Barclays (BARC.L) is exploring a return to Saudi Arabia in a bid to capture a slice of the country’s burgeoning capital markets, two people close to the matter told Reuters.
The British bank is looking at securing a license in the kingdom to be able to manage deals including initial public offerings (IPOs), the people said, speaking on the condition of anonymity.
They added the deliberations were at an early stage and no final decision has been made.
Barclays declined to comment while a representative for Saudi Arabia’s Capital Markets Authority did not respond to a request for comment.
The bank gave up its Saudi licenses in 2014 amid a global retreat of its investment banking operations under then-chief executive Antony Jenkins.
The bank is authorised to operate in the Dubai Financial Centre and Qatar, but in its latest annual strategic report it said it aimed to “selectively expand” its investment banking presence in the Middle East.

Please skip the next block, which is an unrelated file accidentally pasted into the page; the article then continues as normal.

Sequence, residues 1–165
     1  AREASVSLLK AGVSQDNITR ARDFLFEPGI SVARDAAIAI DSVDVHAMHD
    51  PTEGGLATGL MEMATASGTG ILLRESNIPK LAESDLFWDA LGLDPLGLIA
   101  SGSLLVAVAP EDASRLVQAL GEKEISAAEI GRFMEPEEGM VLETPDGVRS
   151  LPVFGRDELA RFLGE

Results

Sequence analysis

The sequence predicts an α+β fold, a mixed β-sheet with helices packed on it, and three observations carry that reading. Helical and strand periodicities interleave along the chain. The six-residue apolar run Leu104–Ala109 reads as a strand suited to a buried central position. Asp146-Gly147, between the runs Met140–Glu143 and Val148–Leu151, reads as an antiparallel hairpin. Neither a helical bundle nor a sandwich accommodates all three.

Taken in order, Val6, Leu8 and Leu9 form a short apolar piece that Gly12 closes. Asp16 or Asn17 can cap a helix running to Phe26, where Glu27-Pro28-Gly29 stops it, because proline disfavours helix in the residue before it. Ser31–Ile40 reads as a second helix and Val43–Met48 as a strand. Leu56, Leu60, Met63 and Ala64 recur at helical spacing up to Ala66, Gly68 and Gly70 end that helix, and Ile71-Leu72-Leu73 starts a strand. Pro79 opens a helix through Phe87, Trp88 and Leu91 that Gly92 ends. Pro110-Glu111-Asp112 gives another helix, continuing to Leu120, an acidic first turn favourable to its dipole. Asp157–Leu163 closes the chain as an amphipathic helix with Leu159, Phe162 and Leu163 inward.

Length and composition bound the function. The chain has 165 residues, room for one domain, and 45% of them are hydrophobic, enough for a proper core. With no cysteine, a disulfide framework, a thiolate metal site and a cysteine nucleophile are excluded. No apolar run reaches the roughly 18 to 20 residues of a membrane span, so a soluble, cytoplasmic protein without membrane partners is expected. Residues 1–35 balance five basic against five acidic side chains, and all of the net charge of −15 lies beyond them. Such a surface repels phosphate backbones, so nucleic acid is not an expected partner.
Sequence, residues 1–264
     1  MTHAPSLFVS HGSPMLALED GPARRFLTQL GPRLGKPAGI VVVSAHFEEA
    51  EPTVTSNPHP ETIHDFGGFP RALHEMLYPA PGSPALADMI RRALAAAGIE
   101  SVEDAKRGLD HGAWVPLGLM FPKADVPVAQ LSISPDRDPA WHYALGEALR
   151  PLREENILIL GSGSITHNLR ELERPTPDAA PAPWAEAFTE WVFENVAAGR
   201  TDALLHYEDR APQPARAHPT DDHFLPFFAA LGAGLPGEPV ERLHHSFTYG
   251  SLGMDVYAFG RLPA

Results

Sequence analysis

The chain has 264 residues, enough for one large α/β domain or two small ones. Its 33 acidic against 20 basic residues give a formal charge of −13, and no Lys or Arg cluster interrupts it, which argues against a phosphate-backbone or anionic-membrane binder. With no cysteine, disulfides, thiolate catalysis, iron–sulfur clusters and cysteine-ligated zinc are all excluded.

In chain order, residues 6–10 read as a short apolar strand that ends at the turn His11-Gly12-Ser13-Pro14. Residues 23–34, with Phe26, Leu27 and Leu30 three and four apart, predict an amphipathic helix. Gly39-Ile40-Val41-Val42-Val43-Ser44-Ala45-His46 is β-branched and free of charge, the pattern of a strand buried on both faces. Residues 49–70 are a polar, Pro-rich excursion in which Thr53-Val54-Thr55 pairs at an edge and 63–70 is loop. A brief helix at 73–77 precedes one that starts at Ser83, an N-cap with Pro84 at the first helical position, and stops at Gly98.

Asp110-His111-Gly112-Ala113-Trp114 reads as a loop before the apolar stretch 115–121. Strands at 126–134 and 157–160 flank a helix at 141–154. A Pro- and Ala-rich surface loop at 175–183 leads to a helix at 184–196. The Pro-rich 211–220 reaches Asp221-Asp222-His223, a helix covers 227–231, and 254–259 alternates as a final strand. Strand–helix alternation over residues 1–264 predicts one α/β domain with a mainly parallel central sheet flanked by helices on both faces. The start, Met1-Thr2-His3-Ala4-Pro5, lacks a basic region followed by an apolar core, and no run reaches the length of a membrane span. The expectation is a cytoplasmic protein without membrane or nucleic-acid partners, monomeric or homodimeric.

Barclays earned about 70 per cent of 2021 pre-tax profit from corporate and investment banking activities, including trading, advisory and transaction banking.
The Middle East has been a bright spot of activity in an otherwise gloomy year for equity capital markets. Companies have raised some $21.9 billion through IPOs in the area in 2022, more than half the total for the wider EMEA region, which also includes Europe and Africa, according to Dealogic data.
In particular, Saudi Arabia has witnessed a string of IPOs amid a government-led privatisation programme that has also seen state entities shed some of their holdings in listed firms, encouraging local companies and family businesses to go public.
On Dec. 11, oil refiner Luberef priced its $1.3 billion share offer at the top of the initial price range on the back of strong investor demand.
The following day, restaurant operator Americana began trading on the Riyadh and Abu Dhabi bourses after a successful $1.8 billion dual listing.
In 2021, Barclays ranked among the top 10 bookrunners of share sales worldwide, according to Dealogic data compiled by the Wall Street Journal.
Its latest quarterly report showed a more than 80 per cent drop in equity capital markets income in the first nine months of 2022 from the same period last year amid a global drop in IPO issuance.